25 August 2010

Late Summer Graham Greene

"The rollers came in from the Atlantic and smashed over the sea-wall. The spray drove across the road, over the four traffic lanes, and beat like rain under the pock-marked pillars where they walked. The clouds came racing from the east, and he felt himself to be part of the slow erosion of Havana." --Graham Greene, Our Man in Havana

I'm in love with all romantic descriptions of places I've never been and the above is just one Greene dispenses effortlessly in Our Man in Havana. I'm pleased to have picked such an appropriate title for the end of summer (it sure seemed well over in Seattle today). The characters, from Wormold the reluctant agent turned fabulist spy to Capt. Segura the wooer of Milly (Wormold's daughter) and unapologetic torturer, are so humorously drawn together that one can believe that the nuclear threat is really no more than a few sketches of vacuum cleaner attachments. Huzzahs also for Dr. Hasselbacher, an old timer who spends a great evening out, certain that he's won the lottery before the numbers are drawn: "Tonight I have won....Tomorrow I may have lost, but nothing can rob me of my victory tonight."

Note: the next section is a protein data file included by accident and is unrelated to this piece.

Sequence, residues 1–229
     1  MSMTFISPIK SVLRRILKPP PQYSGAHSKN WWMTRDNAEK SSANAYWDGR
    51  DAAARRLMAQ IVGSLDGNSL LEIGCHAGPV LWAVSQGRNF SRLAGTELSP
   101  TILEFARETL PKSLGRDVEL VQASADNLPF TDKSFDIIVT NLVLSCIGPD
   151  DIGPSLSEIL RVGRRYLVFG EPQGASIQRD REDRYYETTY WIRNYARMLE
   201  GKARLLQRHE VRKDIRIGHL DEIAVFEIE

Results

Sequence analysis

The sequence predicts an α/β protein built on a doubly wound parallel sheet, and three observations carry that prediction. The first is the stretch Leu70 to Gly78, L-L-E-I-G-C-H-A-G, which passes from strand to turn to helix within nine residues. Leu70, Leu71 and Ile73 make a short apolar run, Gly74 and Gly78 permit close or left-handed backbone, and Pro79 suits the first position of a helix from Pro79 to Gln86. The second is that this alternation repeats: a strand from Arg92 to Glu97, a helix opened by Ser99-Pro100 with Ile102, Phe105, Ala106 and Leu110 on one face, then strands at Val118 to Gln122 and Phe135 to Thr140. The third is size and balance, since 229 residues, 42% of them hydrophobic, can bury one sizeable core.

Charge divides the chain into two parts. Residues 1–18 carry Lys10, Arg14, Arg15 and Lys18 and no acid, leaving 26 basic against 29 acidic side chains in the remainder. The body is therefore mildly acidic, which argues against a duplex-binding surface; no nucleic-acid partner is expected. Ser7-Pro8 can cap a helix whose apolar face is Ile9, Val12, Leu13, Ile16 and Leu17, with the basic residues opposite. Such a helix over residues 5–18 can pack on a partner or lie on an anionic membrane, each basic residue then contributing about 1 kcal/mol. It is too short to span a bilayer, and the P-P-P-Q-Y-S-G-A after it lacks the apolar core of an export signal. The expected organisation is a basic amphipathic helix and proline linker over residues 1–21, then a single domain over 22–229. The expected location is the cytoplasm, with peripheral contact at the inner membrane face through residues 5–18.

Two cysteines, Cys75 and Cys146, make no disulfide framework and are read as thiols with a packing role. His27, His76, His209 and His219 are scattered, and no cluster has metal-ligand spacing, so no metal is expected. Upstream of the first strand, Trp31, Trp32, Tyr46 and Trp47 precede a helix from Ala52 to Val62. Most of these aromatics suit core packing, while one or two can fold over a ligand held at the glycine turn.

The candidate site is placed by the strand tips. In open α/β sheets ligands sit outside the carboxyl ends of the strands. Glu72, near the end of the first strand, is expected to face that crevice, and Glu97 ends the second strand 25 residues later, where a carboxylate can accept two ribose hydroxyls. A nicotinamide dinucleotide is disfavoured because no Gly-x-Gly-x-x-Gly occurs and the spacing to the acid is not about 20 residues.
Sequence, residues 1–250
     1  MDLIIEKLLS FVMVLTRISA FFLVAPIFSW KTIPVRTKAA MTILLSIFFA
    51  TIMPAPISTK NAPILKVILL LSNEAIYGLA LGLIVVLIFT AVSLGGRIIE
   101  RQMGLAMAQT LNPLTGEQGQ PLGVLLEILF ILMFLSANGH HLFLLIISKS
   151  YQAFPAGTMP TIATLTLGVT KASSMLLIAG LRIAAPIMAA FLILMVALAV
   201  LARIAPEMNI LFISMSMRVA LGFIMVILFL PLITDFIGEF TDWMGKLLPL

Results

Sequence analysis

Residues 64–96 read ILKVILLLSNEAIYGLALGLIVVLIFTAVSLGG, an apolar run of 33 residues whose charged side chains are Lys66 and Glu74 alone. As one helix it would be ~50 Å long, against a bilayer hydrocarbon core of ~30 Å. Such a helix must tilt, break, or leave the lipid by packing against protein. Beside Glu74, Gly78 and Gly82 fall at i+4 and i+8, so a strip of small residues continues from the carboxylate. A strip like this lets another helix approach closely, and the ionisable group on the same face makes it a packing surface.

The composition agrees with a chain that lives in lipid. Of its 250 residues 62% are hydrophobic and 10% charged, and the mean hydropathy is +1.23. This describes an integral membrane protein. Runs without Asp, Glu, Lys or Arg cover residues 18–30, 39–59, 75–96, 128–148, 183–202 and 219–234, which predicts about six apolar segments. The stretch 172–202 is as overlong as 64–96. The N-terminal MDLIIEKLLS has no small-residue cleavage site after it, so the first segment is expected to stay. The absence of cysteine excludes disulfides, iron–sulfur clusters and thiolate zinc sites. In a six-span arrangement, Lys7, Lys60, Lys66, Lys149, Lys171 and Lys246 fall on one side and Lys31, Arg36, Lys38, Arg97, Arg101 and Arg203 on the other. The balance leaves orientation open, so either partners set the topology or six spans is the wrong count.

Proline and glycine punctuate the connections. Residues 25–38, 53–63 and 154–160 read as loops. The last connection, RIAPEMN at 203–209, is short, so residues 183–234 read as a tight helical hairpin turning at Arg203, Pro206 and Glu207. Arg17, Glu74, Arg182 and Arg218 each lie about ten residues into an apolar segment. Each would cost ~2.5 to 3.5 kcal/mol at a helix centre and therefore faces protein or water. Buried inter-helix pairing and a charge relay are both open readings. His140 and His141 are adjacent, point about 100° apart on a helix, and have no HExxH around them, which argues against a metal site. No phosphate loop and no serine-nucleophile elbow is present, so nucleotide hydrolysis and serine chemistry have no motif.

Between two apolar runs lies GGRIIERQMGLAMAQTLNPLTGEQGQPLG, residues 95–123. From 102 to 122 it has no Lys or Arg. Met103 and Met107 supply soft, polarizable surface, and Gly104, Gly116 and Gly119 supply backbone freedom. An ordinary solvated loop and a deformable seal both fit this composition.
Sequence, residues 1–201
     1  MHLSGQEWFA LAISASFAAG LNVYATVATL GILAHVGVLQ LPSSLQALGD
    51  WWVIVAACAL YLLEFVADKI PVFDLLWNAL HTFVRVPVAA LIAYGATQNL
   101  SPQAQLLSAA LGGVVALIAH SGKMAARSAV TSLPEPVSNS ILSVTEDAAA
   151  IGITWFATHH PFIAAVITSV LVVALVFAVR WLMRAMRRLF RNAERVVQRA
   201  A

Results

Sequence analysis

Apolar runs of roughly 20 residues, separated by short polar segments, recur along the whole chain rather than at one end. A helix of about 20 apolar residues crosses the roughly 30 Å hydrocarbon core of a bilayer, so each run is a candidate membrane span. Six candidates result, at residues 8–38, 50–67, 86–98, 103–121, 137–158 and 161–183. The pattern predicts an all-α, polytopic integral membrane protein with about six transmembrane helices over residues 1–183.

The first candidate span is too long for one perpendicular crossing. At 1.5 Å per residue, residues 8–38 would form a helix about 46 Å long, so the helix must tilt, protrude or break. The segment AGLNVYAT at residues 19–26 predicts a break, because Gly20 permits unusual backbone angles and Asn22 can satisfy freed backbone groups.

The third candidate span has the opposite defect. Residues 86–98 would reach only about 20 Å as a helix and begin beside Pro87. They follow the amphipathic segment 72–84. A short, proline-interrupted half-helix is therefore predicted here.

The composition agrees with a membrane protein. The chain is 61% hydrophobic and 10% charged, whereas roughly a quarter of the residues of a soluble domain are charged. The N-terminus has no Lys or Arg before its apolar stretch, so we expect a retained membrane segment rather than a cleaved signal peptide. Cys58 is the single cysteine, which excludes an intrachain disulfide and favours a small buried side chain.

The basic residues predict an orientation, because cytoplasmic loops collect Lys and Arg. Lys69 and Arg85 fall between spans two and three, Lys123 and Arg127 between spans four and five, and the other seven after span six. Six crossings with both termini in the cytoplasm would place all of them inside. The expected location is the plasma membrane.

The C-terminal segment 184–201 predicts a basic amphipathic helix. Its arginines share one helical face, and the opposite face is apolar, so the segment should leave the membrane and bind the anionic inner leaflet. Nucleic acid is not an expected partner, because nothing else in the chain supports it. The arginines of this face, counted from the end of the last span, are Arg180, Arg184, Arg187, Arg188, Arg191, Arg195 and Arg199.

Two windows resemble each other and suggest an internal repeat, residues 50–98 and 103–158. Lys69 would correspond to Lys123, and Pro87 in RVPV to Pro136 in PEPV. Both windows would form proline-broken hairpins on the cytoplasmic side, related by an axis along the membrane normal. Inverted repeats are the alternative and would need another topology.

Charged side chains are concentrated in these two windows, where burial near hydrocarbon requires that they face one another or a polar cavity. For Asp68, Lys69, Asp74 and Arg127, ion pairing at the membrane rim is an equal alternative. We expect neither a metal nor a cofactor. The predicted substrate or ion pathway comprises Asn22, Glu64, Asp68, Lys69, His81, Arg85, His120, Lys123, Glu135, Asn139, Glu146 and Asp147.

Throughout, I was reminded of Robert Polidori's photographs of Cuba, a wide book of which I would often flip through in my salad days as a part time independent bookseller. In his Havana, we see how the revolution has frozen Cuba, at least spatially, in the colonial era that Greene captures so well.

Now that all the painful reading is over I get to watch the film version. With Alec Guinness starring and Greene BFF Carol Reed directing, my hopes are high.

1 comment:

Curtis Faville said...

Kirk: You might like my commentary on Our Man in Havana--as well as other movies (like The Third Man, Sunset Boulevard, etc).

I address lots of different subjects on my blog, frequently old movies. I also recently did one on The Red Shoes--more familiar to those of my generation (I was born in 1947), than Black Swan. I'm also a rare book dealer online.

Curtis Faville, The Compass Rose